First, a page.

Tensions have ratcheted up over China’s use of economic sticks to punish Australia over this political dispute. Chinese Ambassador to Canberra Cheng Jingye floated the possibility of economic retaliation by a Chinese public that was ‘frustrated, dismayed and disappointed’ with Australia’s ‘politically driven’ call for a global inquiry. He criticised the Australian government for ‘pandering’ to the United States and argued that any future inquiry should be undertaken ‘without any hidden political agenda or any political purpose’.
Activating the long-brewing Chinese anti-dumping action against Australian barley exporters and the suspension of licences to four Australian abattoirs — however much both governments tried to present these as separate technical matters — have fuelled tensions.
China’s use of economic punishment is infrequent, despite the oft-cited cases of rare earths, bananas, salmon, canola and the Lotte department store boycott; it almost never works; and it is subject to international legal disciplines which China has accepted. Australia can take the barley issue to the WTO; just like China could contest Australia’s multiple anti-dumping actions on steel and aluminium products, but hasn’t.
Other big powers such as the United States are also active users of economic muscle. China’s heavy breathing over Australian agricultural exports is more threatening in the context of its extra-WTO legal phase-one trade agreement with the Trump administration. This deal requires China to purchase an additional US$32 billion worth of agricultural imports from the United States over the coming two years. Welcome to a future of managed trade.
The Australia–China relationship desperately needs adult supervision and getting back on track. Beyond COVID-19 it’s a relationship central to the ambitions of the Australian community for economic recovery and reconstruction; it’s crucial to forging co-operative strategies that preserve prosperity and political stability in the Asian region; and it’s critical to help secure the rules-based global order. On these three issues Australia’s and China’s strategic interests converge.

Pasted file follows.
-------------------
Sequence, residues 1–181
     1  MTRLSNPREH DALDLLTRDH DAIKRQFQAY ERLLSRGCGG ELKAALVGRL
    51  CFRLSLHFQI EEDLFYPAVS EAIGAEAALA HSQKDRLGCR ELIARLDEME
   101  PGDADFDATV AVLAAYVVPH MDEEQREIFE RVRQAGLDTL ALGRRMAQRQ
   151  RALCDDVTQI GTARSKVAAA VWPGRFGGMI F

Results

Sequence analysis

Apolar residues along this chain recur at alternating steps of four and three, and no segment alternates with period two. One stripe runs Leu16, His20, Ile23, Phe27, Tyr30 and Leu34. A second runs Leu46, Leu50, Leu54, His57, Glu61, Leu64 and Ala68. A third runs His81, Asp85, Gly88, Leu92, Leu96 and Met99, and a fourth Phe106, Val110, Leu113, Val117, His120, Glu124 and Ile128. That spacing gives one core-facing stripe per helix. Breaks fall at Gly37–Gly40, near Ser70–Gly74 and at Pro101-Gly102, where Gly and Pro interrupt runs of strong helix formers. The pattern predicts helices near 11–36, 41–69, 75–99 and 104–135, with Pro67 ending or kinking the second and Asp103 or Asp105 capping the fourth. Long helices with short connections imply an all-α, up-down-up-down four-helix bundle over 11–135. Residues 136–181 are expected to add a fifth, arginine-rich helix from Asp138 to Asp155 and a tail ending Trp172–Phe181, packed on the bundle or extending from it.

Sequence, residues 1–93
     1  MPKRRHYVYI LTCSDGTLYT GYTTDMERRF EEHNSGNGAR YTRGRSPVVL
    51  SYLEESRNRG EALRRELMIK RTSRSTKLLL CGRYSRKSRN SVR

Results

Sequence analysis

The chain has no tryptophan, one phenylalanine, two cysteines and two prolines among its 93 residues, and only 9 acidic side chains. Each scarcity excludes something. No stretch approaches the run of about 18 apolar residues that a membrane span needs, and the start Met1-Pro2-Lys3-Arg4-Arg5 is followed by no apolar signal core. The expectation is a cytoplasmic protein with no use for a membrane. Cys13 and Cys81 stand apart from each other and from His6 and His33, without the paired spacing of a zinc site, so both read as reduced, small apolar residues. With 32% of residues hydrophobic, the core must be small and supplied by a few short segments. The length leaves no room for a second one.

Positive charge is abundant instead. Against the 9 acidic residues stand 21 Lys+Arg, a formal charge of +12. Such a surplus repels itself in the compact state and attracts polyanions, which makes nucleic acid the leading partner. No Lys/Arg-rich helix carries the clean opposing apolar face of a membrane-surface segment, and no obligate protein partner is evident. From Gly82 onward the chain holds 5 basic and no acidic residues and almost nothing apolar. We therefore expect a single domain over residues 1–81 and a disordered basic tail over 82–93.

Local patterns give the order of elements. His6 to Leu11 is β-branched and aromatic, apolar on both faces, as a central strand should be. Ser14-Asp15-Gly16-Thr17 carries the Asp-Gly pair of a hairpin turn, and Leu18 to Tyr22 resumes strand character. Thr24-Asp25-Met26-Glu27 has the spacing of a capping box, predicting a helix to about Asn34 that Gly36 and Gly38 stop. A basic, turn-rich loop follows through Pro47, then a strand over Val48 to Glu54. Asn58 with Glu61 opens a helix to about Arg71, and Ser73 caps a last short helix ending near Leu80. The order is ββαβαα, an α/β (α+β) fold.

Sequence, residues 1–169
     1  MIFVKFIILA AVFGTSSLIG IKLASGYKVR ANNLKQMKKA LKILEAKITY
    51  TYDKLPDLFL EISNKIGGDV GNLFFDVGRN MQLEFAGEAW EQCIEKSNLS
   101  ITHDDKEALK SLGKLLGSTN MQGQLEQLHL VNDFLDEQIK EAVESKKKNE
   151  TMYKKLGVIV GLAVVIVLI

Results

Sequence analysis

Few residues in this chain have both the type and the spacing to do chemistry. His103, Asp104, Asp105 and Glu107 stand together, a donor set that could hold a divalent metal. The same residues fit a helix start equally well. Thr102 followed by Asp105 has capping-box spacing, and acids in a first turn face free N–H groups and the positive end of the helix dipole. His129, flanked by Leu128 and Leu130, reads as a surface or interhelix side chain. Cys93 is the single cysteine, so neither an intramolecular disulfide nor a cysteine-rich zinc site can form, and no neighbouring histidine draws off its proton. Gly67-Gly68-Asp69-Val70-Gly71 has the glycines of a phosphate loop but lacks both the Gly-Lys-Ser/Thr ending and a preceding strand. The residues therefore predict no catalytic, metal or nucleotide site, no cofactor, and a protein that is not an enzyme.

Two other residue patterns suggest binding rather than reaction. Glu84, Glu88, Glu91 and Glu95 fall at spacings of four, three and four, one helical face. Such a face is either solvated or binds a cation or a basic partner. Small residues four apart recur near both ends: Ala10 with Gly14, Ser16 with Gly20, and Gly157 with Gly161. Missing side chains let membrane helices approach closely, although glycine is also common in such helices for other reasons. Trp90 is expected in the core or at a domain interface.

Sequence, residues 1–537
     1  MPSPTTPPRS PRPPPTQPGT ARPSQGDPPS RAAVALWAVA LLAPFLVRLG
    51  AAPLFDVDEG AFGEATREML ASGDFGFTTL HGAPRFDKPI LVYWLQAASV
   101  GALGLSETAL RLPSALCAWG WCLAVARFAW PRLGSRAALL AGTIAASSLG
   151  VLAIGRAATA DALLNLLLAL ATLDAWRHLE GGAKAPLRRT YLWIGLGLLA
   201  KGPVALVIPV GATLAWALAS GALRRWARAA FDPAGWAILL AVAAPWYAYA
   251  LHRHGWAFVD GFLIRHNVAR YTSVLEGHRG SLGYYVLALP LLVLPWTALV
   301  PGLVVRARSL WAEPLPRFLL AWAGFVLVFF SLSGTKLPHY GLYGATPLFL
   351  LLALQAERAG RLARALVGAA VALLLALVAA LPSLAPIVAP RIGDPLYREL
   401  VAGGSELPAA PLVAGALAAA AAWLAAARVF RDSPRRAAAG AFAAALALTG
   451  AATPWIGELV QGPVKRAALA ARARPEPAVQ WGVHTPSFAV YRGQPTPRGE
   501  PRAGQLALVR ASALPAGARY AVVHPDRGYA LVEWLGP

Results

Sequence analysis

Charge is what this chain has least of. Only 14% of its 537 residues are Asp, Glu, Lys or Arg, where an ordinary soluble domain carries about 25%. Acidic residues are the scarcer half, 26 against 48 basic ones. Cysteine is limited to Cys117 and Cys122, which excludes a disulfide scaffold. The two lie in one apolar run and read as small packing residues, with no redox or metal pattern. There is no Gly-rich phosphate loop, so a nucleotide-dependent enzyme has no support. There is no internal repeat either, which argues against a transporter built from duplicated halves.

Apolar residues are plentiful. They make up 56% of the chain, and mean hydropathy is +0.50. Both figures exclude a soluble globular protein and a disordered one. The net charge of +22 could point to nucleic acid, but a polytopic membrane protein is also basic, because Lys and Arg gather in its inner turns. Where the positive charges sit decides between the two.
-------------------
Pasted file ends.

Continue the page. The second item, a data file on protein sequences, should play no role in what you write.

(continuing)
Australia and China have much work to do to make up lost diplomatic ground. But they have an opportunity to join with partners in the region in getting international co-operation on COVID-19 on the fast track. A strategic foreign policy priority for both is to work together with neighbours to engineer a more rapid economic recovery from the crisis. China will be a central part of the co-operation and recovery effort. Australian action to arrest the pandemic now must be combined with proactive regional and global co-ordination on public health, financial and trade policies if there is to be anything like a V-shaped recovery from its economic effects.
Peter Drysdale is Emeritus Professor and Head of the East Asian Bureau of Economic Research at the Crawford School of Public Policy, The Australian National University.
This article is part of an EAF special feature series on the novel coronavirus crisis and its impact.
A version of this article originally appeared here in The Australian Financial Review.